Dance performances

Ranking The Marlins’ “The Last Dance” Performances Over Their Walking Years

What do the Marlins – at any time in their history – have in common with the iconic Chicago Bulls of 1997-98? Not a lot. ESPN’s ‘The Last Dance’ chronicles a directed Michael Jordan dynasty, while the Marlins, even in their eventual championship-winning campaigns, were seen as underdogs and nuisances. Who outside of South Florida really wanted to emulate them like countless sports fans did MJ?

However, basketball players, baseball players and professionals in many industries can feel the anxiety that comes with the impending changes. This Bulls roster, for example, was loaded with pending free agents. Despite constant speculation about where each of them would go next, they didn’t let it interfere with their performance.

Which brings us back to the Marlins, as I’m highlighting the players who thrived in their marching year to keep the team in contention (players traded mid-season were excluded). Before the final episodes of the documentary broadcast on Sunday evening, let’s remember the former Fish who enjoyed their last dance.

5. Mike Dunn, 2016

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Mike Dun’s biggest asset was its durability. He started his 31-year-old year as the franchise’s all-time leader in career pitching appearances (a record that will go unchallenged for the foreseeable future). So it came as a shock when he started 2016 on the disabled list with a pulled left forearm, then suffered a setback pushing back his regular season debut by almost two months.

Dunn made up for that lost time and ended up pitching in 51 games. It wasn’t a sexy style, but he avoided costly implosions out of the bullpen — he never allowed more than two runs or four base runners in any appearance. He entered the final homestand of the season with a 2.84 ERA. His performance slipped to the stretch (ERA rose to 3.40), but the Marlins were officially out of the game by then, anyway.

Over the winter, the Rockies signed Dunn to an immediately regrettable, three-year, $19 million contract.

4.Jeff Conine, 2005

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The Redeemed Marlins Jeff Conine in August 2003 as last-second depth for their playoff push, and it was fair to worry about what Niner had left to contribute to the twilight of his career. With over a decade of major league experience, he improved his strikeout rate significantly early in his career, but his athleticism was naturally deteriorating. Those concerns proved premature – he was a major cog in their line-up until 2004.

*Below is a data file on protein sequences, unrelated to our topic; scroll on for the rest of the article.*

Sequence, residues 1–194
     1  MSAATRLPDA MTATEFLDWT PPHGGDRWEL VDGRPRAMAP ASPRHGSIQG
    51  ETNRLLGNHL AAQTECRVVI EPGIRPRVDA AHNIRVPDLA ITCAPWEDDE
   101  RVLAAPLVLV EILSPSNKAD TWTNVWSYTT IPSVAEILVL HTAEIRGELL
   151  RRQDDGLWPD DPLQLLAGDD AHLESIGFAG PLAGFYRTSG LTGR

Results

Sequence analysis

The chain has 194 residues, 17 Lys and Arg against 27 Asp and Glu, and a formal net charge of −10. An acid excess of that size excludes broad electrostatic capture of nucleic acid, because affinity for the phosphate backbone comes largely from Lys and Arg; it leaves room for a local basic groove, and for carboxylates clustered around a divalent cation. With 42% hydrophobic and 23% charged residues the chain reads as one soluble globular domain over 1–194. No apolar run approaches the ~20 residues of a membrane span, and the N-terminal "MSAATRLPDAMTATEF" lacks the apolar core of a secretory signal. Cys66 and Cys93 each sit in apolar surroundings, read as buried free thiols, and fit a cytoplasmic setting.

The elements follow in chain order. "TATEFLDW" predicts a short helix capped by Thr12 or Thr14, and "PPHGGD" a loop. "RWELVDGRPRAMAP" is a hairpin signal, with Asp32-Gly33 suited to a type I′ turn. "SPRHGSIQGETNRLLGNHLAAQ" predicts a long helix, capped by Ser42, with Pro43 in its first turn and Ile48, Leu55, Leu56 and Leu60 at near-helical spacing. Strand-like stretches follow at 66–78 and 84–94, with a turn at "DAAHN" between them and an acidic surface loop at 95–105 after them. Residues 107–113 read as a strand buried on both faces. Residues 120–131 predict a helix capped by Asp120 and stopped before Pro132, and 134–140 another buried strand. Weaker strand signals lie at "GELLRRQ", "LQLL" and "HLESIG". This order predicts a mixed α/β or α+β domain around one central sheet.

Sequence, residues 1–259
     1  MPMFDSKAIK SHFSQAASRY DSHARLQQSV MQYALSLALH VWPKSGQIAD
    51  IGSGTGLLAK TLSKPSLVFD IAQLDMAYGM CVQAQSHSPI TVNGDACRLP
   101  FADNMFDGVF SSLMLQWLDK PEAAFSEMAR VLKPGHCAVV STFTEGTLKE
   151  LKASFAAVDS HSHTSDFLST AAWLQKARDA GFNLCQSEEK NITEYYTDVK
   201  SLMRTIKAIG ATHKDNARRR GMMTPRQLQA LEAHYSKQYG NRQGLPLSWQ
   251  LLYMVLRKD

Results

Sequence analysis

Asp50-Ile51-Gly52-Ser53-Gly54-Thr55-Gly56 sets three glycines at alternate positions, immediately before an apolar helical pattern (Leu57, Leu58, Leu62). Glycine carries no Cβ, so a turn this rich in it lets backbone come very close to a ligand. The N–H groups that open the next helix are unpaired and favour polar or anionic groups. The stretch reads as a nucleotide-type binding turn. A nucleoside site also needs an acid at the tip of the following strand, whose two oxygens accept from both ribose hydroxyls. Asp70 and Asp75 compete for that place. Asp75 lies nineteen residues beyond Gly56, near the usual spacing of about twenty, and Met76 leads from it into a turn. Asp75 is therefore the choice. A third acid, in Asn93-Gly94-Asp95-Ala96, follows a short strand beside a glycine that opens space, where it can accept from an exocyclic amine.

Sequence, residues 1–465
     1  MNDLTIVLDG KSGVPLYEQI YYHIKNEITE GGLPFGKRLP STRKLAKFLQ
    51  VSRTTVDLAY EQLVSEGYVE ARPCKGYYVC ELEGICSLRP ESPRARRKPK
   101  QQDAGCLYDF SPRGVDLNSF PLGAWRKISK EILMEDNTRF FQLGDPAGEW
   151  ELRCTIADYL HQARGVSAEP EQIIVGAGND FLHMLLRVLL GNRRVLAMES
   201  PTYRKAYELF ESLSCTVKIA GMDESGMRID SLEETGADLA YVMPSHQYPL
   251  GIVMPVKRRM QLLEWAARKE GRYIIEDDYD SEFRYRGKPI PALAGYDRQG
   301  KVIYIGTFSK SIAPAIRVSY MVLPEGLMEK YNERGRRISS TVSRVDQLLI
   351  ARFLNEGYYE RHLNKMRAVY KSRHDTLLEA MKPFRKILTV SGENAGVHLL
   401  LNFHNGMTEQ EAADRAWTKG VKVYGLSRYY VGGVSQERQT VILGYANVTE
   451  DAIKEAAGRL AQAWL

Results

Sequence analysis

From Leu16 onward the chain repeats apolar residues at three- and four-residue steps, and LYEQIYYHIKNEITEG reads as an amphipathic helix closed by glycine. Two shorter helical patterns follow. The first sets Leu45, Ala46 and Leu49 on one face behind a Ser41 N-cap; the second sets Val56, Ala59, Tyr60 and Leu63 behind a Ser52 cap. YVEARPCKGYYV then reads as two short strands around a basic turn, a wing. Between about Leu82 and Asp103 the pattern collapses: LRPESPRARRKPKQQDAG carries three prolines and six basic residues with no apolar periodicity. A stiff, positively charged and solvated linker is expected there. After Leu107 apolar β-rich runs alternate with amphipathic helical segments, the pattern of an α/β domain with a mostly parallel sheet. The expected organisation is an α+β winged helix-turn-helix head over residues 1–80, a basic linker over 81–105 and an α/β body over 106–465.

But then the signing of Carlos Delgado in 2005 seemingly relegated Conine to an afterthought in his walking year. He only started three of the first 29 regular season games and was not taking advantage of those limited opportunities.

Even without being a threat to power, the 39-year-old has finally found his groove (.304/.374./403 in 384 AP). Ichiro Suzuki is the only player older than Conine in Marlins history to be an above-average hitter — in terms of weighted runs created more — while playing a big role.

3. Juan Encarnación, 2005

From that same Conine season, Juan Encarnación had more on the line. Theoretically at the peak of his career, his on-base percentage dipped below .300 the previous year. He would need to improve in that department to attract suitors in his first taste of free will.

The 2005 Marlins fell short of their collective goal of returning to the playoffs, but Encarnación was not to blame. He set new personal bests with a .349 OBP and 112 wRC+. The slender outfielder was particularly productive with runners in the scoring position (.331/.399/.523).

The Cardinals outbid the fish for Encarnación with a three-year contract. It was shaping up well for both teams until a ball foul in one eye abruptly ended his career in 2007.

2. Carl Pavano, 2004

Marlins vs Mets

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After a heavy workload in 2003 (220 13 races started including October), it would not have been surprising if fatigue caught up Carl Pavano the following season. The reality was quite the opposite: Pavano established himself as the ace of the rotation of the Marlins.

Lacking the swing and miss ability typical of star pitchers, the right-hander was successful with a ground-heavy approach. He induced 18 double plays and lined up his position perfectly on 40 occasions, blocking 76.9 percent of all base runners. Pavano earned his only All-Star selection while placing sixth in the NL Cy Young vote.

Beginning in 2005, injuries piled up and robbed Pavano of most of his best years, but he was then the Yankees’ albatross contract.

1. Pudge Rodriguez, 2003

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The Marlins knew that Ivan Rodriguez would stay only a year before returning to free agency in search of long-term safety. The 2003 season was a rollercoaster, but everyone involved would do it again without hesitation.

Regular season and playoffs combined, Pudge played in 155 games and scored 102 points. The Marlins pitchers were noticeably better with him behind the plate compared to main backup Mike Redmond. He also starred in one of the most precious moments in franchise history:

That first/last/only dance earned Rodríguez a big payday from the Tigers and solidified his Hall of Fame credentials.